So when I read this line in By The Pricking Of My Thumbs it all came flooding back to me! I swear I got better at the threat of having to take the pink stuff! So Aunt Ada’s axiom seems to bear some fruit apron reflection.
On a side note I had never heard of brimstone and treacle before reading this Christie thriller and I didn't think it sounded particularly pleasant. When I looked it up it didn’t sound any better. I think I might have gotten off easy with my nasty pink stuff. Brimstone and treacle refers to a syrup composed of sulfur and molasses, which was administered to children as a cure-all in Victorian times (and evidentially in Aunt Ada’s youth around the turn of the century). I cannot image molasses does a very good job in covering sulfur’s lovely rotten egg odor & taste. So perhaps I was too hasty in my thinking my childhood medicine was the absolute worst thing under the sun. (What really added the icing on the cake in my thinking that brimstone & treacle being worse than the pink stuff, it was featured in the Dickens’ novel Nicholas Nickleby, where evidently the boys had to take their portion of the medicine all in one swallow or they were beaten. Fun times.)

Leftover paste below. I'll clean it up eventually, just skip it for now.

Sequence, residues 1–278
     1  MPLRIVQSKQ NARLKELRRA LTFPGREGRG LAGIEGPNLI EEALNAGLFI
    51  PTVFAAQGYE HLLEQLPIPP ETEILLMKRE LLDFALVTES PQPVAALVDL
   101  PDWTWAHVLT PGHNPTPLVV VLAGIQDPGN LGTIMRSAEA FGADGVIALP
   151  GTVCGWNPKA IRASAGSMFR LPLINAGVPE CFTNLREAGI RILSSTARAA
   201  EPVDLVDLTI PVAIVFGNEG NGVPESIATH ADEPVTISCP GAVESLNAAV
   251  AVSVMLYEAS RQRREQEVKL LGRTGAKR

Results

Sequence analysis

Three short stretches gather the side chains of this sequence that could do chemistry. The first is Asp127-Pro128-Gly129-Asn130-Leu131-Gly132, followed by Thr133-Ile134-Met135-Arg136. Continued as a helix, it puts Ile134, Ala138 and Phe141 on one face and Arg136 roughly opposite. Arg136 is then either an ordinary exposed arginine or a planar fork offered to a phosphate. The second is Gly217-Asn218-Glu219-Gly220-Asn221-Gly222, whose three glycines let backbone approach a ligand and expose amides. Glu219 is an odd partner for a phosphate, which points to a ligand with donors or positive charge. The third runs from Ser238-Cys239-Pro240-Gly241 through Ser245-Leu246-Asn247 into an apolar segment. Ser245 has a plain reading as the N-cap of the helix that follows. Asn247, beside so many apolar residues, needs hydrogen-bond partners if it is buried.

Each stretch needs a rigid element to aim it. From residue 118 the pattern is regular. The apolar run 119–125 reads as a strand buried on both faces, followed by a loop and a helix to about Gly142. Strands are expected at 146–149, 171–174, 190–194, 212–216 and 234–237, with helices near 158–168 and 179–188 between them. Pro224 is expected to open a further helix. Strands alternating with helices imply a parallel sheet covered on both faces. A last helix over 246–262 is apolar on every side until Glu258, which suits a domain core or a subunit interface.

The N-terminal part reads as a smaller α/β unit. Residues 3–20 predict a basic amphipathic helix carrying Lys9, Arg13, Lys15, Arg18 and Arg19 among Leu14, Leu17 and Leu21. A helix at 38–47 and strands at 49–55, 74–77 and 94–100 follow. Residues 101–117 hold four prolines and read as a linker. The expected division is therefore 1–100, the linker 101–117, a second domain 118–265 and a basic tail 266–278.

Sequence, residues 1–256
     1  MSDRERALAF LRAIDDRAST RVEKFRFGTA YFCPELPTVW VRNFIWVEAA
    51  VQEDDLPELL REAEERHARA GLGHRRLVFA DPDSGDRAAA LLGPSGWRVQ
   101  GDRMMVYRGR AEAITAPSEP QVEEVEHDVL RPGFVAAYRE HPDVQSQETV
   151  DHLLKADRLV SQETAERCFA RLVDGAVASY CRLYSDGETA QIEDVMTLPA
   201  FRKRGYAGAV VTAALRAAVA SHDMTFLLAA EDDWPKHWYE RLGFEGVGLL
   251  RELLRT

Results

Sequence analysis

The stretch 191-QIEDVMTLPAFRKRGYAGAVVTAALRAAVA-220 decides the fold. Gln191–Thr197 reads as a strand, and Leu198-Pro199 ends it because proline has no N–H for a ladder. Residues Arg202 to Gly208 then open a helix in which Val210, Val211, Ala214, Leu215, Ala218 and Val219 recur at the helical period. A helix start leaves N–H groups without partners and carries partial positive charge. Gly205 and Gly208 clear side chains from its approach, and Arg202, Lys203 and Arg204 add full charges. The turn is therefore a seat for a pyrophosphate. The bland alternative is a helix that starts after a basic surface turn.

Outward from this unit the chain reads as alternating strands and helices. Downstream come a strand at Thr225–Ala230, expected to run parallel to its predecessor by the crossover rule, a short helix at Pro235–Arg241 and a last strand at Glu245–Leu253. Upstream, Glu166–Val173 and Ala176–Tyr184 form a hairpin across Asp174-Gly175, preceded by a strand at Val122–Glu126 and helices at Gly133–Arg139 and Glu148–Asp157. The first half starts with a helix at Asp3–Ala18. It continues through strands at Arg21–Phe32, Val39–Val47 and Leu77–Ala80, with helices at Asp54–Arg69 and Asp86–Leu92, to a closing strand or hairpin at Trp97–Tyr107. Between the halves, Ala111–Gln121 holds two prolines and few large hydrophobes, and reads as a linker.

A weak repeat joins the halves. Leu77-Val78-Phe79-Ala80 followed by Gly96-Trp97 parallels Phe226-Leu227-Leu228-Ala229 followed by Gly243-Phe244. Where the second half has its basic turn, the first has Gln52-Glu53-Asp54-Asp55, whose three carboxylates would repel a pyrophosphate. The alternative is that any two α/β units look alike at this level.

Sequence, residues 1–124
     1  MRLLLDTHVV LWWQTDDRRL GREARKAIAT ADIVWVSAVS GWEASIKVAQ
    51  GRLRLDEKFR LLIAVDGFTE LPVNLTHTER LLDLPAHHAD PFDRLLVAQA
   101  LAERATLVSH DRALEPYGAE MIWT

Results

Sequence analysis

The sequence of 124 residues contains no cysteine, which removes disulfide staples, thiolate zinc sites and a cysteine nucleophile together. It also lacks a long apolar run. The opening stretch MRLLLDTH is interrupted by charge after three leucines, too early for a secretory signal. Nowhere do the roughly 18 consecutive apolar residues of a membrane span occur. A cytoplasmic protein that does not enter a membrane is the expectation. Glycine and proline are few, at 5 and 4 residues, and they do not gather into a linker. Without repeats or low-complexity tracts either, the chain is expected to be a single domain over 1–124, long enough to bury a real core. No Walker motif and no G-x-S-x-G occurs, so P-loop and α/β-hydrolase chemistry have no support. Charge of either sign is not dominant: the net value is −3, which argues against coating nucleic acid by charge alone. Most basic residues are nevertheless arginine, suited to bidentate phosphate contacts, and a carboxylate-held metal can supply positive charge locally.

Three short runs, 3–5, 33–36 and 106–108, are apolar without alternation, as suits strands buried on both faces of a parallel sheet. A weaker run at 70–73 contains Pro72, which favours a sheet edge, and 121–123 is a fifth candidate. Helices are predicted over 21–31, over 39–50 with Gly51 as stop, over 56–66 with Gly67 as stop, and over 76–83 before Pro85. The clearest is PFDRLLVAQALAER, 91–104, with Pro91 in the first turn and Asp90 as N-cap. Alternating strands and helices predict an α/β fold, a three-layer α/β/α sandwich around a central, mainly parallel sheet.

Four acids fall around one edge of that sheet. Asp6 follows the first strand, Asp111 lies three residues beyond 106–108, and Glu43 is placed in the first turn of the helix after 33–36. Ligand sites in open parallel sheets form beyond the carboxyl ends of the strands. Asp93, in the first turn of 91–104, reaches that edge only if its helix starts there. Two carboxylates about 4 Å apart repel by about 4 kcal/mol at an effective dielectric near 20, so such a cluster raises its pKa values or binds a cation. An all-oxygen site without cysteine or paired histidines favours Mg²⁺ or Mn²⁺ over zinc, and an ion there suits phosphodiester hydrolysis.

This was just one way in which I related to this particular Christie thriller; others included strategies for dealing with cantankerous (read grumpy) elderly relatives, chatty strangers (telling you all kinds of stuff you never needed to know), investigating a painting with unknown origins (seriously this really did happen in our family) and adventures you find yourself in that only your spouse will ever believe really happened! The frothiness which drove me to distraction in N or M was tempered in this book, which was something I worried about when starting my second Tommy & Tuppence novel. By The Pricking Of My Thumbs was the perfect book follow up to Endless Night.
“If anybody over the age of sixty-five finds fault with you...never argue. Never try to say you’re right. Apologize at once and say it was all your fault and you’re very sorry and you’ll never do it again.”(pg. 18) Replace 65 with 80 and I thinks Tuppence might be on to something!
“Albert went away to release the chicken from its possible fate of cremation in the oven.” (pg. 146) Just struck my funny bon. Who hasn’t burnt something in the oven?